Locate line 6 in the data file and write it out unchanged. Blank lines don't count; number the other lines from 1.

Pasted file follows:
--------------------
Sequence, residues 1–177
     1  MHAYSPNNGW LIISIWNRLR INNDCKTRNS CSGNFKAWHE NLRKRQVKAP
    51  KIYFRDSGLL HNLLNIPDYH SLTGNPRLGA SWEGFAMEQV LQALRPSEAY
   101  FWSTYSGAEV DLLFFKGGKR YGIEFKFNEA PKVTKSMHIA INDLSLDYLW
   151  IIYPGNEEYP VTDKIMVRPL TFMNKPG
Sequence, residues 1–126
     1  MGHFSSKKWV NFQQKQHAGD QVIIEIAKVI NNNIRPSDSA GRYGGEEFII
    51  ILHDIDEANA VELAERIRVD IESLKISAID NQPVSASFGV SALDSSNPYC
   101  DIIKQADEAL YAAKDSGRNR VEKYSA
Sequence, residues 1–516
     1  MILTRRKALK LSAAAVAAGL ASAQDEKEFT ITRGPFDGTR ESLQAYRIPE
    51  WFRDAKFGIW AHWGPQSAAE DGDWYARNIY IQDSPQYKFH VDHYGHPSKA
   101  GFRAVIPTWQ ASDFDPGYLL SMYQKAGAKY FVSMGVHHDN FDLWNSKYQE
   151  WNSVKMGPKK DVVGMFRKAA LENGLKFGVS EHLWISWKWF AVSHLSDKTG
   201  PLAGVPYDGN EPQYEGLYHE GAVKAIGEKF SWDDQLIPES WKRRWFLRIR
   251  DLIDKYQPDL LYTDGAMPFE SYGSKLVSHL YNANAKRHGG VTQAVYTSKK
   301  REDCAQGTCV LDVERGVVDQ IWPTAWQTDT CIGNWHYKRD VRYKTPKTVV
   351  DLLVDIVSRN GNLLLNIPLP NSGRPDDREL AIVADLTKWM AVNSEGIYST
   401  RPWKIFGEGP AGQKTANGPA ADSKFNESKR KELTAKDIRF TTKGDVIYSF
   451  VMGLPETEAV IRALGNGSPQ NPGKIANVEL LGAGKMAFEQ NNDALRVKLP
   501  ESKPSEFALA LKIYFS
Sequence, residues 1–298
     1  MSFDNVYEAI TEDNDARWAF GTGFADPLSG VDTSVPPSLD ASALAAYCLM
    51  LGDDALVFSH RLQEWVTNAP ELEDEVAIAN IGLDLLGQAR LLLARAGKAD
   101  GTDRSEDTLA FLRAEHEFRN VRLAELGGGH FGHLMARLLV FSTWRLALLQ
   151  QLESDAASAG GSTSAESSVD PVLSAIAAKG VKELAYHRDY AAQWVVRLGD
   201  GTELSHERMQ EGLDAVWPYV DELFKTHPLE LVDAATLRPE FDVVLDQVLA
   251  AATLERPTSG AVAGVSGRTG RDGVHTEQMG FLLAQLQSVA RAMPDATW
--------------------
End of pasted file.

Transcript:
Sequence, residues 1–126